The insured’s counsel will likely ask you some version of the following questions:

  • Can you describe the event that led to your injury or injuries?
  • Did your doctor place any restrictions on what you can and cannot do after the incident?
  • What do you do during a typical work shift?
  • How often do you perform certain tasks (i.e., anything physical that your injury or injuries might limit your ability to perform now)
  • If you received any work restrictions, how have those impacted your ability to perform your work duties?
  • Has your overall quality of life suffered since your injury? If yes, can you please describe how it’s changed since then?

They will also likely ask about your medical history and any relevant treatments you received since your injury accident.

Tips to Remember at Your Workers Comp Deposition

Here are a few key things to remember at your workers comp deposition:

Deposition Tip 1: Practice Courtesy

It might seem counterintuitive if the questions upset you, but giving calm, polite answers to questions is really important. Even if you feel yourself getting angry, refrain from being belligerent or disrespectful. Try to practice this with your attorney prior to the deposition. Sometimes repeating a mantra to yourself silently can help. So can asking for a break, or taking deep breaths. Preparing ahead of time and having a plan to rely on if you feel angry can help you stay calm while answering their questions.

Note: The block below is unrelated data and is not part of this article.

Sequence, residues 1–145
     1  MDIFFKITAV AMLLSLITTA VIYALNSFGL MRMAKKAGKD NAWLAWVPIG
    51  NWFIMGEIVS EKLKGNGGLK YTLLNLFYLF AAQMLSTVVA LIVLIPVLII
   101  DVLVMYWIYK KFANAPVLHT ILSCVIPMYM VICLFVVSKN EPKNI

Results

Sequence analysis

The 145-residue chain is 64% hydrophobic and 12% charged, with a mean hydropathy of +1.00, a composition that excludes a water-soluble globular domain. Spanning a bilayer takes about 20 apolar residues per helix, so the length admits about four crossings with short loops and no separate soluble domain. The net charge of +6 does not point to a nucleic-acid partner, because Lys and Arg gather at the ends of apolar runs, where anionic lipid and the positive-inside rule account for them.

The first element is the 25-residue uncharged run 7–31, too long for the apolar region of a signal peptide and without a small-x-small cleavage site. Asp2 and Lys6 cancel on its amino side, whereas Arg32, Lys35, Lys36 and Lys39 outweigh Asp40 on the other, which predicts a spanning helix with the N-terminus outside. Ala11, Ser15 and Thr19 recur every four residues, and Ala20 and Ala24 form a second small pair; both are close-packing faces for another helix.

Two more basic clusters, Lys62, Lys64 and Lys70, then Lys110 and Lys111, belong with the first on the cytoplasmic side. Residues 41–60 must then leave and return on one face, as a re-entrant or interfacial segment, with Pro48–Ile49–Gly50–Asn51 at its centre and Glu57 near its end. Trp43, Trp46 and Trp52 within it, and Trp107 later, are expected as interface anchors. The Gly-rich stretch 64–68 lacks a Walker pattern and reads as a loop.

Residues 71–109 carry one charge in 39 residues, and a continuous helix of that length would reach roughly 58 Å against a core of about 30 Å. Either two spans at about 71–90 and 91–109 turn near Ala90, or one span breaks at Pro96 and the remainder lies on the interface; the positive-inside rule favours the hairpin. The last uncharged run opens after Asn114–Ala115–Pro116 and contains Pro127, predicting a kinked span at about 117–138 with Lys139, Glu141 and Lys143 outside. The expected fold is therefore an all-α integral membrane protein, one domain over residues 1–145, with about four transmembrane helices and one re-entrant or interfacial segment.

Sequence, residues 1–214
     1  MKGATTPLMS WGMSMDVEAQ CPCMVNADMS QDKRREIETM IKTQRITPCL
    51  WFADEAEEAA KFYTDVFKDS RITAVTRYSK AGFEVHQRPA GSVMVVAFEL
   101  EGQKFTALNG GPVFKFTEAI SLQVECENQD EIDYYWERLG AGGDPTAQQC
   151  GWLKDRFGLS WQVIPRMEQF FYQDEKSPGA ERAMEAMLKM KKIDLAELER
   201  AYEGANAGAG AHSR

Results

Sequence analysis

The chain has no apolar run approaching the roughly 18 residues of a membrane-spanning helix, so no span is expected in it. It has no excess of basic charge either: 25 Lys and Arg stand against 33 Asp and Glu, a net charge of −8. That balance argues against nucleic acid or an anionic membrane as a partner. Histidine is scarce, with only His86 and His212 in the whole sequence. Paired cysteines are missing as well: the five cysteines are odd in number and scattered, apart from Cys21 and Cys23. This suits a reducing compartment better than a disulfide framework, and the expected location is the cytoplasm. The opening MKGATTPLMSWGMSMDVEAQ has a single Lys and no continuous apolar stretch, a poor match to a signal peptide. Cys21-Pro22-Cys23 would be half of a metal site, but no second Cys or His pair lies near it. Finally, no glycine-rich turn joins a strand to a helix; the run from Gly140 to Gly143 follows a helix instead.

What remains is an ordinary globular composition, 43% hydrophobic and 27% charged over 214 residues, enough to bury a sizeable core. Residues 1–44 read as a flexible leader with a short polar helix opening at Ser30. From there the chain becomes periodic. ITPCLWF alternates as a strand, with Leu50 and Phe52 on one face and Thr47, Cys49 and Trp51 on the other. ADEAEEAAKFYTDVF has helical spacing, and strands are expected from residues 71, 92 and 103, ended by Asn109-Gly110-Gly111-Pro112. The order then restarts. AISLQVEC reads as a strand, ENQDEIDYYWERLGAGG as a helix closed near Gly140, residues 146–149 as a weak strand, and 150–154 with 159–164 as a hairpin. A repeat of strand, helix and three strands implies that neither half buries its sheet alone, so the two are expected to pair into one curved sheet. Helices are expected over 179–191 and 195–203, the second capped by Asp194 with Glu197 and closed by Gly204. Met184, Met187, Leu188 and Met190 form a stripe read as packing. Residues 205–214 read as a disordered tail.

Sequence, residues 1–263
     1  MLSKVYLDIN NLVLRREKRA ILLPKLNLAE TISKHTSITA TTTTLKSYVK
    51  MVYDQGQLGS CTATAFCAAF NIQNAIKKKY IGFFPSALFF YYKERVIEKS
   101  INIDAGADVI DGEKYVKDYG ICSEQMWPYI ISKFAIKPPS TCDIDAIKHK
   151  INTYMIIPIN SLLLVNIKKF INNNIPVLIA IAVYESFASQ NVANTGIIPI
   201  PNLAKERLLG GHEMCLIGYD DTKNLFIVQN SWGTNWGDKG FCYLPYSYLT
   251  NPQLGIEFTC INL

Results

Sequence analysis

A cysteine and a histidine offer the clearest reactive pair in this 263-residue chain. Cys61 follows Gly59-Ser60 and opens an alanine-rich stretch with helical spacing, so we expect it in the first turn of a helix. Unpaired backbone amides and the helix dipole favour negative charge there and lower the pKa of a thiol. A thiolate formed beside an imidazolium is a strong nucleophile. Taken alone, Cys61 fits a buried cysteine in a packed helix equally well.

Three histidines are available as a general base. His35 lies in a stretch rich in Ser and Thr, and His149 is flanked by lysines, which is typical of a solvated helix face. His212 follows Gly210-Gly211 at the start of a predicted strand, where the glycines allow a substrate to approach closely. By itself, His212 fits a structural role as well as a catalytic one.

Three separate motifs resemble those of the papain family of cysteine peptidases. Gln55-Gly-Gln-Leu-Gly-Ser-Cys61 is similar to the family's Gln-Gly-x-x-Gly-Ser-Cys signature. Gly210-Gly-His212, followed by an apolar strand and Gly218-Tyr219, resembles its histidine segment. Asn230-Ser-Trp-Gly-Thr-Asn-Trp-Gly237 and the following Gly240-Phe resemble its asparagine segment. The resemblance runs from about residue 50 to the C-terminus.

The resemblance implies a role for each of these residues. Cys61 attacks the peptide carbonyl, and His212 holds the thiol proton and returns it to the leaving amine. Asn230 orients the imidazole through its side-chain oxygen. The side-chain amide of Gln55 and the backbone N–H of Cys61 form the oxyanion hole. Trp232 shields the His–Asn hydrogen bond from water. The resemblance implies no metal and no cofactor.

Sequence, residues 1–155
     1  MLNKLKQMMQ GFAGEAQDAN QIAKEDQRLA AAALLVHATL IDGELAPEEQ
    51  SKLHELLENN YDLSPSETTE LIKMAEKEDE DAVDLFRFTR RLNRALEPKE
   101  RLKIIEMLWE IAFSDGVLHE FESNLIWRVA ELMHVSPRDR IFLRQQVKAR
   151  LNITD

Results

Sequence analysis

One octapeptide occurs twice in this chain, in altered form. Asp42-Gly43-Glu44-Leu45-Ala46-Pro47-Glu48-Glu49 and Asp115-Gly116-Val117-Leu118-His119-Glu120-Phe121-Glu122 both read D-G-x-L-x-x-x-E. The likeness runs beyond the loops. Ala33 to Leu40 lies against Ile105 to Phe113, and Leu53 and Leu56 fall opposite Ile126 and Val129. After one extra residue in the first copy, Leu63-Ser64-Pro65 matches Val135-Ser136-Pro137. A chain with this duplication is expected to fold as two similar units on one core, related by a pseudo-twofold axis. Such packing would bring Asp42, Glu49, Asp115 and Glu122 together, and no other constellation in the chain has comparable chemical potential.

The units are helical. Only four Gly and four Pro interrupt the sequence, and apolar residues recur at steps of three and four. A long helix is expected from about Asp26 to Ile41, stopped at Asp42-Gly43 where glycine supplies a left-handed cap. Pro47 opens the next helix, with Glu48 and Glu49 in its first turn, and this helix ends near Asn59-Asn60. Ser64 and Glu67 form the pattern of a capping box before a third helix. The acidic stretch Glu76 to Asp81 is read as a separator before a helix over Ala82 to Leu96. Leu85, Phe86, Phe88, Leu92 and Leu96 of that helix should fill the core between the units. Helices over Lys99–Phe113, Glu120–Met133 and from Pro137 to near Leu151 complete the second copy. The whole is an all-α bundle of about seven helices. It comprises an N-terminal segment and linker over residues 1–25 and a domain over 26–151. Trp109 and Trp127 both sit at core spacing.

Deposition Tip 2: Rely on the Truth

Remember that you’re under oath and must give truthful answers. It’s human nature to sometimes minimize or exaggerate things that have a major impact on our lives. Still, it’s best to stick with just the facts of your case. Do your best to be clear and concise whenever possible.

This is especially true if you don’t know the answer to a question. Don’t make something up. It’s ok to say that you don’t know.

Deposition Tip 3: Break It Down

Some questions can be complicated, either because there are many different elements or the question feels emotionally heavy. Whatever the reason, remember that you get to control how you answer each question.

It’s good to take a moment to think before you answer. It’s also good to listen to the entire question first, without interrupting. The goal isn’t to answer quickly; it’s to answer questions honestly and calmly.

Sometimes the questions might not be allowable at your workers comp deposition. Your attorney will know this, so taking a moment before you begin your answer can give your attorney time to object.

Deposition Tip 4: Remember that Every Case is Different

Some workers’ comp cases are easier to resolve than others. Each has its own set of circumstances that determine the outcome. Unless yours is very simple, working with a qualified attorney might serve you better — especially if you had health issues before your work injury. Because our attorneys work on contingency, they’re also highly affordable.

Ready to see if you may qualify? Complete your free online workers’ compensation benefits evaluation now!

Lisa Allen

Lisa Allen is a writer and editor who lives in suburban Kansas City. She holds MFAs in Creative Nonfiction and Poetry, both from the Solstice Low-Residency Program in Creative Writing at Pine Manor College. Prior to becoming a writer, Lisa worked as a paralegal, where she specialized in real estate in and around Chicago.